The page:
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U-Pb ages of angrites

Yuri Amelin1 and Tony Irving2

1 Research School of Earth Sciences, Australian National University, Canberra, ACT 0200, Australia
2 Deptartment of Earth and Space Sciences, University of Washington, Seattle, WA 98195, USA


Figure 1. Pb isotopic data for pyroxenes from Angrites AdoR and LEW 86010, and pyroxenes and whole rock fractions from D'Orbigny, plotted in a 207Pb/206Pb vs. 204Pb/206Pb isochron diagram, and the weighted average 207Pb*/206Pb* ages.

Angrites form a small but remarkable group of meteorites. These very old differentiated achondrites experienced much less secondary processing than most meteorites, and their peculiar mineralogy and geochemistry facilitates precise dating with several isotopic methods. The group includes a variety of the specimens, ranging from "basaltic" rocks with prominent vesicles that formed rapidly quenched melts, to plutonic igneous rocks with cumulate textures and annealed plutonic rocks. Recent findings of new angrites, mainly in the deserts of northwest Africa and in Antarctica, increased their number from one in 1970's (Angra dos Reis, or AdoR, originally the prototypical meteorite of this group, which is now considered an anomalous angrite) to 16 in 2008.

Angrites are singularly well suited to serve as benchmarks of the early Solar System chronology. The ages of some of these meteorites were determined in 1970's to early 90's, and AdoR has been long known as one of the oldest rocks in our Solar System, but precision and accuracy of these dates are insufficient for constructing a detailed timescale of the early Solar System events. The ages of recently found angrites were not known at all. Recent developments in Pb isotopic analysis of meteorites: using 202Pb-205Pb double spike optimized for isotopic dating, and a new procedure for efficient removal of common Pb, provides a background for revisiting and refining chondrite chronology.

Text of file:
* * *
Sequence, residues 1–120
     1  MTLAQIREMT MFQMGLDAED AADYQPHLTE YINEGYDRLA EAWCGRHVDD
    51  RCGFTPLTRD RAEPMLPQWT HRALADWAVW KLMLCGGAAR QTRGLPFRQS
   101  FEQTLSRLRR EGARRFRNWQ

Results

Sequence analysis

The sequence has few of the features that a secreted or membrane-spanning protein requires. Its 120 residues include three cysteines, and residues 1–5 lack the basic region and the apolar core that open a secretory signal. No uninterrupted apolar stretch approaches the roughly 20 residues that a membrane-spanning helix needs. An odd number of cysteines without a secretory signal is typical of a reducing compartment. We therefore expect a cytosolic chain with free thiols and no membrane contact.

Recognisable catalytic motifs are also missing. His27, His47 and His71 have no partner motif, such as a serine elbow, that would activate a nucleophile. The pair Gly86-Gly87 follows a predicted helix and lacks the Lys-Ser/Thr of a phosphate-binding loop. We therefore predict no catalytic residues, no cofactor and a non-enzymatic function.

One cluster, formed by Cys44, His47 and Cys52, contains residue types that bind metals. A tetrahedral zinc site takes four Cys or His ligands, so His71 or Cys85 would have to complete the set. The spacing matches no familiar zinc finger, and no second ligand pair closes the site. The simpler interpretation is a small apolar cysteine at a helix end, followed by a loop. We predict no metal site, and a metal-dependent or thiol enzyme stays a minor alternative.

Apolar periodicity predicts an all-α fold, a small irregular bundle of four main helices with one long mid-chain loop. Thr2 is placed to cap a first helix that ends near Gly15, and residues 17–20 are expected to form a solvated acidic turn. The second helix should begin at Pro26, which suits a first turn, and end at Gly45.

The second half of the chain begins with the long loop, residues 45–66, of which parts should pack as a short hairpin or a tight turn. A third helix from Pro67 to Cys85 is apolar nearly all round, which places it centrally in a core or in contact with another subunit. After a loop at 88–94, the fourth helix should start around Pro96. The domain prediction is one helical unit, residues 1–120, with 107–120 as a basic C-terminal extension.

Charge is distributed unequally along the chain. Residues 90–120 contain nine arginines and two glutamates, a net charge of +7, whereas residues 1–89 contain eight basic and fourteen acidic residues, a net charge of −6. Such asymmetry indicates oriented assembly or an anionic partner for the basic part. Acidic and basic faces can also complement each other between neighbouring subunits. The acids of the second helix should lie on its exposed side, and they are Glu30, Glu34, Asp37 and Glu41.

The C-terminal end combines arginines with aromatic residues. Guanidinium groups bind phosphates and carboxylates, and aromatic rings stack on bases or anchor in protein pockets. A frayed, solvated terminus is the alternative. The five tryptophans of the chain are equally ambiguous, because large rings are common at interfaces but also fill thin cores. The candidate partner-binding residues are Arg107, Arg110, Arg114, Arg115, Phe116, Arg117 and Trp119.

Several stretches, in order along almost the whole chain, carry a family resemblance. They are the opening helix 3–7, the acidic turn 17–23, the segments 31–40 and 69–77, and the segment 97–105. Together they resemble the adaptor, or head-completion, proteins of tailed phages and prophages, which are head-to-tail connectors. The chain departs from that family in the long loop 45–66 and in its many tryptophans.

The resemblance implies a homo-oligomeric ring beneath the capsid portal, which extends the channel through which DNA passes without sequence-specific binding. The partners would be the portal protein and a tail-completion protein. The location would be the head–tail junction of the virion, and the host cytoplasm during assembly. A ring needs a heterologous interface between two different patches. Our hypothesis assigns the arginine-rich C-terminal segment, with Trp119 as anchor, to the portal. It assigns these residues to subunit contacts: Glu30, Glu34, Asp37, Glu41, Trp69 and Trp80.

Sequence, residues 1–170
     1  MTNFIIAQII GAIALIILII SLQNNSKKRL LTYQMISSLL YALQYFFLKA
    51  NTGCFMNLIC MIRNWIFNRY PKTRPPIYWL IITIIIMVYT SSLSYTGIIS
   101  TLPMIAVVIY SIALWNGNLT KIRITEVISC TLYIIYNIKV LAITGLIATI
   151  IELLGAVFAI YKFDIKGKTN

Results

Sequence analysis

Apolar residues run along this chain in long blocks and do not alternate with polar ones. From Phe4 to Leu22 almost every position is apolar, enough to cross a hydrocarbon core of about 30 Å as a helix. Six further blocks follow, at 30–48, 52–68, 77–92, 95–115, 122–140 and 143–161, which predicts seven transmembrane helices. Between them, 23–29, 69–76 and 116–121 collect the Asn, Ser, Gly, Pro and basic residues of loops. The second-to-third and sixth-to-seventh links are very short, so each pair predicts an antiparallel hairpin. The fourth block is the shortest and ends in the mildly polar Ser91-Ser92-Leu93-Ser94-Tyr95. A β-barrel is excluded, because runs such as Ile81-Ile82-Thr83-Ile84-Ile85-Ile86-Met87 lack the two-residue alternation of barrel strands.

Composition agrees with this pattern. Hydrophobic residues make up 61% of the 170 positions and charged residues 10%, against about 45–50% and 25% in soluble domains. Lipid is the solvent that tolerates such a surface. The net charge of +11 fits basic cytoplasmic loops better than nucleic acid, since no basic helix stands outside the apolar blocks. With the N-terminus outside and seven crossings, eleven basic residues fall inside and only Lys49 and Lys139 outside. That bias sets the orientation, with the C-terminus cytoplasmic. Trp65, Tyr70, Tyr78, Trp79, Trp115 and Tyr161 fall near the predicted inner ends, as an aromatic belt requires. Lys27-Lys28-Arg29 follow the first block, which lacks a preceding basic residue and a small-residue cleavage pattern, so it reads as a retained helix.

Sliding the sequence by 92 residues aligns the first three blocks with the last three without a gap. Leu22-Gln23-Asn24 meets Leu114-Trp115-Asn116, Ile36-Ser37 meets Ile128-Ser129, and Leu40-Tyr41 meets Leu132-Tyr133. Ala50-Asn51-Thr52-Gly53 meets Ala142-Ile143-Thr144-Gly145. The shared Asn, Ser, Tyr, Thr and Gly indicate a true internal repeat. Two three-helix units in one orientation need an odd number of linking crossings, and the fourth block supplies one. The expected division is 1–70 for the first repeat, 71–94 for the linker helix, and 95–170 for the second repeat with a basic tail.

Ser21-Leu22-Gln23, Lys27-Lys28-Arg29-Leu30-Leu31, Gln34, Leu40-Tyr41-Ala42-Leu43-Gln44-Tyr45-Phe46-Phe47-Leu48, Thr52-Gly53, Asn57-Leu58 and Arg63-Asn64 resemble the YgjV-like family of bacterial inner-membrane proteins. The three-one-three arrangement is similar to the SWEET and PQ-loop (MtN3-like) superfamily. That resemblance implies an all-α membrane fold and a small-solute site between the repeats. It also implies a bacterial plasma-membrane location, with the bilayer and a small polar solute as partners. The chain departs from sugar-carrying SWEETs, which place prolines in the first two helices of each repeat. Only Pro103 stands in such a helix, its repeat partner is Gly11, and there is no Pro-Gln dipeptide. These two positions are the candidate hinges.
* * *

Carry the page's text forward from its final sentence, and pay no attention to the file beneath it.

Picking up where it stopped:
Precise U-Pb ages for seven angrites are determined with double spike (202Pb-205Pb) thermal ionization mass spectrometry. The data for three angrites with well preserved U-Pb isotopic systems are shown in Fig. 1. The implications of these ages are threefold. First, they demonstrate that AdoR and LEW are not coeval, and the group of "slowly cooled" plutonic angrites is genetically diverse. Second, the new age of LEW suggests an upward revision of 53Mn-53Cr "absolute" ages by 0.7 Ma. Third, a precise age of D'Orbigny allows consistent linking of the 53Mn-53Cr and 26Al-26Mg extinct nuclide chronometers to the absolute lime scale.

Furthermore, these data show that the angrite parent body underwent prolonged high temperature igneous (both volcanic and plutonic) activity and metamorphism for at least 7 Ma during a period very early in solar system history. It is difficult to conceive of a thermal mechanism by which this could be accomplished unless the parent body was a relatively large, differentiated planet.